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Jonathan Wienke
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« Reply #11 on: February 09, 2008, 08:23:25 AM »
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whats this link to do with  16 bit v 8 bit ?

Bruce is talking about a different issue.

No he isn't. Do the conversion in 8-bit mode, and you lose 87% of the unique colors in the image due to quantization errors. Convert to 16-bit mode before making the trip to LAB, and the decrease in unique colors from quantization is far less dramatic.
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digitaldog
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« Reply #12 on: February 09, 2008, 09:31:43 AM »
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whats this link to do with  16 bit v 8 bit ?

Bruce is talking about a different issue.
[a href=\"index.php?act=findpost&pid=173496\"][{POST_SNAPBACK}][/a]

Yes and no. Do the same tests in 16-bit, you get a decidedly different result.
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Andrew Rodney
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jbrembat
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« Reply #13 on: February 09, 2008, 12:42:10 PM »
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pcox,
 there is no chance to see posterization or banding. 16 bit is a true mith.
I investigate it in deep for my editing tools.

People forget to think on difference between bits in a linear space and bits in a compressed space.

People forget that devices work at 8 bit not 16 bit.

People say you must use 16 bit in ProPhoto as it is a huge space. But they forget that for any rendering, on monitor or printer, the colors must be compressed into a smaller space.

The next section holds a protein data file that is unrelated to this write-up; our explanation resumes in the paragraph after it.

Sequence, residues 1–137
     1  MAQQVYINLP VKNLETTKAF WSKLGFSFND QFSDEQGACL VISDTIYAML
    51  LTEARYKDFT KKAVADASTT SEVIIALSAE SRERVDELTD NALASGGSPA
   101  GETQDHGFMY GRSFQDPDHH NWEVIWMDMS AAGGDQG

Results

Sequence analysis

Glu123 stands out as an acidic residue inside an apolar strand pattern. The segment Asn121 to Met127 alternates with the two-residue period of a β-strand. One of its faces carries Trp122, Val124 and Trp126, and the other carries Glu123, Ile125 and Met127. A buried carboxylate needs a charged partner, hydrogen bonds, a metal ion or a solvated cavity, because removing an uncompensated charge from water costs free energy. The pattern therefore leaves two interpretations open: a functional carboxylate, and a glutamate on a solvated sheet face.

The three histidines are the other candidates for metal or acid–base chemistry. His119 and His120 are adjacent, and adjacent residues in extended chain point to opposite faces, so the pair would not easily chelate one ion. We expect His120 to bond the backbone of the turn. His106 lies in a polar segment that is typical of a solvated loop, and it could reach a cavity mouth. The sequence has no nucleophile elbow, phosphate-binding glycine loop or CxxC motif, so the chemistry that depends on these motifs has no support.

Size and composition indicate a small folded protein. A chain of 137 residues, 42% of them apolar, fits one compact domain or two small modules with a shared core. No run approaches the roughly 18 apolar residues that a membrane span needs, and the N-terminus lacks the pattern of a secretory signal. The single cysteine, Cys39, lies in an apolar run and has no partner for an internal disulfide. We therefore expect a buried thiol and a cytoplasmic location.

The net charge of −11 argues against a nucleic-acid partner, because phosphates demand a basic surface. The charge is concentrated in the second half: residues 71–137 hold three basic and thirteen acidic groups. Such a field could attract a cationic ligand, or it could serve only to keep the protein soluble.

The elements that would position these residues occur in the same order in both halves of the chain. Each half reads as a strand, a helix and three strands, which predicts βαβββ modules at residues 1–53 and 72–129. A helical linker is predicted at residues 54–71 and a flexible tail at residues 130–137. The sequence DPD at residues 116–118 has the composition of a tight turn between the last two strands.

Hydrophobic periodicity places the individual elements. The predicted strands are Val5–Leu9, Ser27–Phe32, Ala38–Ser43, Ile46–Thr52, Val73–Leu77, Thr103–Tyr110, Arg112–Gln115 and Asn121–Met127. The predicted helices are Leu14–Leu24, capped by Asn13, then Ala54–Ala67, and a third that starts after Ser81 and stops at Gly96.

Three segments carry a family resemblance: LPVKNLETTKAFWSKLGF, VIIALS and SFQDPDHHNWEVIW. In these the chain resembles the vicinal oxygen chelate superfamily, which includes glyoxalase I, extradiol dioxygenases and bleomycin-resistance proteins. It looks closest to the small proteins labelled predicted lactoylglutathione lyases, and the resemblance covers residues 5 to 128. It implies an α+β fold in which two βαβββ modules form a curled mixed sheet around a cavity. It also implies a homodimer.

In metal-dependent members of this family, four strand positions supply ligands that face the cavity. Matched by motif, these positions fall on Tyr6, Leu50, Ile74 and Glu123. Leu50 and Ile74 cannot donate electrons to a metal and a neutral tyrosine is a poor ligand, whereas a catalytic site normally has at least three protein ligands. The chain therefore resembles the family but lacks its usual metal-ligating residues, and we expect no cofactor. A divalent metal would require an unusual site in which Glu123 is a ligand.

People say: the 8 bit histogram is with holes, but they forget that 16 bit histogram is shown compressed. And, in any case, do you look the image or the histogram to judge?

Just a note: apply a curve to see holes in the histogram. save the image as jpg (good quality) and then open the saved image and look at the histogram.

16 bit must be used in raw conversion as starting point is 12/14 bit linear and you are working in a linear space.
As soon as the image is developed you are in a compressed space and 8 bit are more than enough.

EricM wrote:
Jonathan Wienke has a nice demonstration of this on his website. Take a look at Jonathan's website article. Also search on the LuLa forum for his posts relating to 16 bits

No demostration. he worked on linear space.

digitaldog, Bruce Lindbloom is correct, to go to/from Lab I use floating point. PhotoShop use fixed point math.

John wrote:
Perhaps you want to expand the contrast of the midtones in Curves and compress the shadows and highlights, but then use the Shadow/highlight tool to bring out details in the shadows and highlights. They will posterize very easily in 8 bit mode.
There is a very strong confusion on internal algorithm math and image bit dept. Very often the computations must be performed in floating point to have good results.

Jacopo
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pcox
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« Reply #14 on: February 09, 2008, 01:43:44 PM »
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Thanks for the responses, all.